Submitted by Evergreen Public Schools

On the last day of school, a yellow bus pulled up at the YWCA of Clark County, carrying nine students, one teacher and a para-teacher, and 20 handmade wooden toy trucks. The trucks were destined for a shelter, to be enjoyed by children affected by domestic violence.

Imagine It, Design It, Make It (IDM) is a Career and Technical Education (CTE) manufacturing class at Heritage High School in Vancouver, Washington. It was conceptualized by Susan Mangin, architecture and engineering instructor at the school since the fall of 2017, after teaching at Union High School the previous five years.

“This year, we tried something new,” said Mangin. “To encompass learning about the manufacturing process, the students were given the assignment to work as teams and create a number of wooden toys.” Unlike typical woodshop projects that students complete individually and never progress from the prototype phase, the assignment involved collaborative planning and cooperation, culminating in an “assembly line” build.

The students began by brainstorming and designing the toys. They each first designed their own cars, and as a class, decided which types of cars to build, to “ride” on the flatbed of a semi-truck.

The truck cab dimensions were based on a wooden truck found online. A student drew it in Rhino. Each student drew their own style of cars in Inventor, then as a class, they voted on which two cars they wanted to build. The cars were translated into AutoCAD and saved as DXF files. The students printed cardboard patterns for the truck and cars out of the laser printer and used the patterns to draw the shapes onto the wood.

“They had to figure out, step-by-step, the process of how to build the product and how to organize the manufacturing steps,” said Mangin. “This included doing quality checks at each juncture.”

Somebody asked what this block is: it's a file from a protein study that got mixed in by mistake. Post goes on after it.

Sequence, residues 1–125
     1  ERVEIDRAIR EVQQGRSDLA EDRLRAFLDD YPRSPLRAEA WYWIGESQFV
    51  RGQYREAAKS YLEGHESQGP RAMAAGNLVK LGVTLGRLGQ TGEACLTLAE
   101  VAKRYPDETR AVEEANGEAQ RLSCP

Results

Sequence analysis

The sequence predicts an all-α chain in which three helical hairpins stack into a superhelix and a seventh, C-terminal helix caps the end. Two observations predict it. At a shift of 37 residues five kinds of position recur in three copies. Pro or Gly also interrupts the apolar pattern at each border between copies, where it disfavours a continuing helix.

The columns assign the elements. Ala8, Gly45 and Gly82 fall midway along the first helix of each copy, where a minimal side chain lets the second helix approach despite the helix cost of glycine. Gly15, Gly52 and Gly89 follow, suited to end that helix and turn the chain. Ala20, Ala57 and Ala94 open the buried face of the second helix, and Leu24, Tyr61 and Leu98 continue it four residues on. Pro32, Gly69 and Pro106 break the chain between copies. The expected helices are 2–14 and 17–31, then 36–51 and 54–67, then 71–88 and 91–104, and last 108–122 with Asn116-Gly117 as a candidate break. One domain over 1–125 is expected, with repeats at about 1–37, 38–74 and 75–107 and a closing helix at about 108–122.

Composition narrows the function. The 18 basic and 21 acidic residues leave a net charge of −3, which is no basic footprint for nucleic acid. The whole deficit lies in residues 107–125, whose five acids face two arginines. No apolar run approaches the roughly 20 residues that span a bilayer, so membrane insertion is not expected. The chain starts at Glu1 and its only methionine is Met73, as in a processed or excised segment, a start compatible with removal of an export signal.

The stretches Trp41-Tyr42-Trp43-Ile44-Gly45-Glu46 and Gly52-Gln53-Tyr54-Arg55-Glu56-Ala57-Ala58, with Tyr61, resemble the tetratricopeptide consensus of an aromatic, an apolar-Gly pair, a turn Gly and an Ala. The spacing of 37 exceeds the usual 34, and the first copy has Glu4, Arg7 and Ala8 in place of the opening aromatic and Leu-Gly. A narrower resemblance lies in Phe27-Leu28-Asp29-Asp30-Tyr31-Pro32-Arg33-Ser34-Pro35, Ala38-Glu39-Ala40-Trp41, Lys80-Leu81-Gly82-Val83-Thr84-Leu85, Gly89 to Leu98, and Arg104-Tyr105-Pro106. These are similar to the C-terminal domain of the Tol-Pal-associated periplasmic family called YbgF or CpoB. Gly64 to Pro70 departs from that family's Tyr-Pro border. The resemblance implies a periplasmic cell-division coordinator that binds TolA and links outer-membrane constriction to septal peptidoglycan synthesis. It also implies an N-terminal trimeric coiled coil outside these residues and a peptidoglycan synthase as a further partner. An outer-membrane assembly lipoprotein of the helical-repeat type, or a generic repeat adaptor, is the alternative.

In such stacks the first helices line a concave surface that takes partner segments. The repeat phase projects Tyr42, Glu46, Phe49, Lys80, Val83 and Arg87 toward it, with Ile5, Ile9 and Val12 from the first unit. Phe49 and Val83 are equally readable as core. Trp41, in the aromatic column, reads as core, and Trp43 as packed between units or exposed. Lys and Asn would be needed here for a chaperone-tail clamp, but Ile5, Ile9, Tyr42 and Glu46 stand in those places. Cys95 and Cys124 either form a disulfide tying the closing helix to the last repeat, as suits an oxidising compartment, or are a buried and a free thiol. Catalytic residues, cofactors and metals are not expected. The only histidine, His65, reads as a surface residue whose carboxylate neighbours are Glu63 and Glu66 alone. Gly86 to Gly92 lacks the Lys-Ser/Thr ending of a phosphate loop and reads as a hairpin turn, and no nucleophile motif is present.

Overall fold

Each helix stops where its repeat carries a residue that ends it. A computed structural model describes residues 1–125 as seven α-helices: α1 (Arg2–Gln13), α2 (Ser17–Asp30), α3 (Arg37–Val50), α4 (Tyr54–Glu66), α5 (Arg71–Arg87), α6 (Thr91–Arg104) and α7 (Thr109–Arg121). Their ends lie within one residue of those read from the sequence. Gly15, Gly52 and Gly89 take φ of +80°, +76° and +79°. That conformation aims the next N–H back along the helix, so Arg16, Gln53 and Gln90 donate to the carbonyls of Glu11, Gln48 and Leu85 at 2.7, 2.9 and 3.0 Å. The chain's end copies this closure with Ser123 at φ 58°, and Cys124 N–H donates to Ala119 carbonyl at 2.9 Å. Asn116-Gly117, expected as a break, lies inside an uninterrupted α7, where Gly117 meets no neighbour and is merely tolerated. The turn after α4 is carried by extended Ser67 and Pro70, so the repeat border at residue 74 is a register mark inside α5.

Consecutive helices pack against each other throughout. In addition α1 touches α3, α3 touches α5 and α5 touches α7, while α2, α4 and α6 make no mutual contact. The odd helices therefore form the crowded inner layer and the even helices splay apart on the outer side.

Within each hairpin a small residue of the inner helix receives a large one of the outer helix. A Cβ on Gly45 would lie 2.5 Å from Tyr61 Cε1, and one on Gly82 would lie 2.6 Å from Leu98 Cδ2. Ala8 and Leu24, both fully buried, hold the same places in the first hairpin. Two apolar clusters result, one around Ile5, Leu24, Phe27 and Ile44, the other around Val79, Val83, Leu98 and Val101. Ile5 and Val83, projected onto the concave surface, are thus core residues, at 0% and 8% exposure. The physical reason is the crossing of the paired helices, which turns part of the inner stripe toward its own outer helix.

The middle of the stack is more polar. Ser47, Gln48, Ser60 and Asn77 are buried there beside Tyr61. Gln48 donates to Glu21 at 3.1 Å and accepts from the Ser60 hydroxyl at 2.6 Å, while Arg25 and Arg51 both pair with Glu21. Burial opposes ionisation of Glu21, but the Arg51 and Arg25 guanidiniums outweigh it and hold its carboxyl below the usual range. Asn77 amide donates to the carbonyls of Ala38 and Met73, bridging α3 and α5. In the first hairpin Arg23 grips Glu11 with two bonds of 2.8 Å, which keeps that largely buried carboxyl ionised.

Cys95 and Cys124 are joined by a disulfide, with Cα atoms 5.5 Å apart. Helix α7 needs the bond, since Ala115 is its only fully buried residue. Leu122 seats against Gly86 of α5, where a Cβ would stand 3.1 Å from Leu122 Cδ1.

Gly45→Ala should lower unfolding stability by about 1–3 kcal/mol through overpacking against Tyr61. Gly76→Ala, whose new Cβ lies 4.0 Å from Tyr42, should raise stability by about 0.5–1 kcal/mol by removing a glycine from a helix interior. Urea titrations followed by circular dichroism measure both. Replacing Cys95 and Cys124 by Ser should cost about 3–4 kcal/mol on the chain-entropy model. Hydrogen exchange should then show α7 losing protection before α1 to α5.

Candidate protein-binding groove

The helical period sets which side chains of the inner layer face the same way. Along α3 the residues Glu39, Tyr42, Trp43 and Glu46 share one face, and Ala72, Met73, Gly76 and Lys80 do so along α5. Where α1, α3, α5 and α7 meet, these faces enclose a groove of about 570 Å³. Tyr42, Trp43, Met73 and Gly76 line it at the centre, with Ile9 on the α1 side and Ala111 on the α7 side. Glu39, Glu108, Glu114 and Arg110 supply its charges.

The students created a material list and budget, and developed the steps for manufacturing the parts, and developed a system for assembly. At the end of nine weeks, they had built 40 flatbed trucks, each carrying two cars.

Mangin started out rotating the students through each stage but soon observed them gravitating toward the areas they were most comfortable with. “Some really felt comfortable working the machines. Others preferred to work on the organization and process, making sure everything was running smoothly and being completed. They were all invested and working as a team.”

Each student wanted to take a truck and two cars home. They enjoyed making the finishing touch with the laser engraver, personalizing the bottom of the flatbed with their name and the date, and often the name of the brother or sister they were going to give the truck to. That left 20 toys the students all agreed should be donated to a place where children would play with them. They contacted the YWCA of Clark County and found a home for the trucks with the SafeChoice domestic violence program.

Kacee Cohen, SafeChoice Assistant Director, and Alix Prior, Shelter Manager, accepted the toys and spoke with the students about the SafeChoice program, which offers safety and resources to survivors of intimate partner violence and their families. They talked about how the toys will benefit kids who often arrive at the shelter having left home in a hurry, without toys or other belongings to comfort them. The students were treated to a pizza-and-cake lunch to thank them for their efforts. Not a bad way to end the school year!

“This is the first time we have ever done this process.  It was a great learning experience for both my students and me. I hope we will do this every year,” said Mangin.

About CTE:  CTE prepares learners for the world of work by introducing them to workplace competencies, and makes academic content accessible to students by providing it in a hands-on context. Over 125 CTE courses in Evergreen Public Schools allow students to explore high-wage, high-skill, high-demand careers in emerging industries. Forty-nine of these courses also fulfill core requirements for graduation. Students have the opportunity to earn college credits while taking many of the courses offered in CTE. The 2016 graduation rate among Evergreen Public Schools CTE students was 90%. Nationally, about 12.5 million high school and college students are enrolled in CTE pathways. To learn more, go to

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